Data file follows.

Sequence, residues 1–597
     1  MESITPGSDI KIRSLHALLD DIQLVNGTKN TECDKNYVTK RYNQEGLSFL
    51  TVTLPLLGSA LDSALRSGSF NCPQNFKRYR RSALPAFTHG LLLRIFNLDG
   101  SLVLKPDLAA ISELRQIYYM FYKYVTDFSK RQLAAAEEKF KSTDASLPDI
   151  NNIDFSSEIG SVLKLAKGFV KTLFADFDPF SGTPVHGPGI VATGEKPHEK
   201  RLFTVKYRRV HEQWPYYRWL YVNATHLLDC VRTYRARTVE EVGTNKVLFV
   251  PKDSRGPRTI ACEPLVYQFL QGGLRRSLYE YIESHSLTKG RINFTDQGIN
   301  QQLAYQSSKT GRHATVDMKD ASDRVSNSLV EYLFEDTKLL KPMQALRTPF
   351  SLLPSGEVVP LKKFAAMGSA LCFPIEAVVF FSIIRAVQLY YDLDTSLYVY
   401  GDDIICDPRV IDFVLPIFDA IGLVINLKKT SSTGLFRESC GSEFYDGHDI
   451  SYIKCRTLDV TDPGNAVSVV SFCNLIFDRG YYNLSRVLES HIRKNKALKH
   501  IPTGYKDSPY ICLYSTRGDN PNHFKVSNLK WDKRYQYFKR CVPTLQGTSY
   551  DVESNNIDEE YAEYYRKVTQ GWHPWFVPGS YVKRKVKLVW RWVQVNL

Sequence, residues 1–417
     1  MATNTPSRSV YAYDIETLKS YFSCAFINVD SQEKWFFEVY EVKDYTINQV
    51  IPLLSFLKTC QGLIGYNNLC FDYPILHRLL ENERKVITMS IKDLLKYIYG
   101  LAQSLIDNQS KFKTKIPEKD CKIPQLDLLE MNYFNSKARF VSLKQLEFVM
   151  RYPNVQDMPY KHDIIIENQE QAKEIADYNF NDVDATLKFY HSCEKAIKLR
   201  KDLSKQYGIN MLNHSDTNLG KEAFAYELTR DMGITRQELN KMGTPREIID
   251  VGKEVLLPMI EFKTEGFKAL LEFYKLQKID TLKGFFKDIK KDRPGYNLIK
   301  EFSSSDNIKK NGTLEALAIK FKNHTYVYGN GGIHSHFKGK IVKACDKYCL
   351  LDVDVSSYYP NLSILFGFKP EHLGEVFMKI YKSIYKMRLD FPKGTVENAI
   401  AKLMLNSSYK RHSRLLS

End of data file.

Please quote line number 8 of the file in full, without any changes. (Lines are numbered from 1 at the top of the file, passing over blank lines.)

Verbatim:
   301  QQLAYQSSKT GRHATVDMKD ASDRVSNSLV EYLFEDTKLL KPMQALRTPF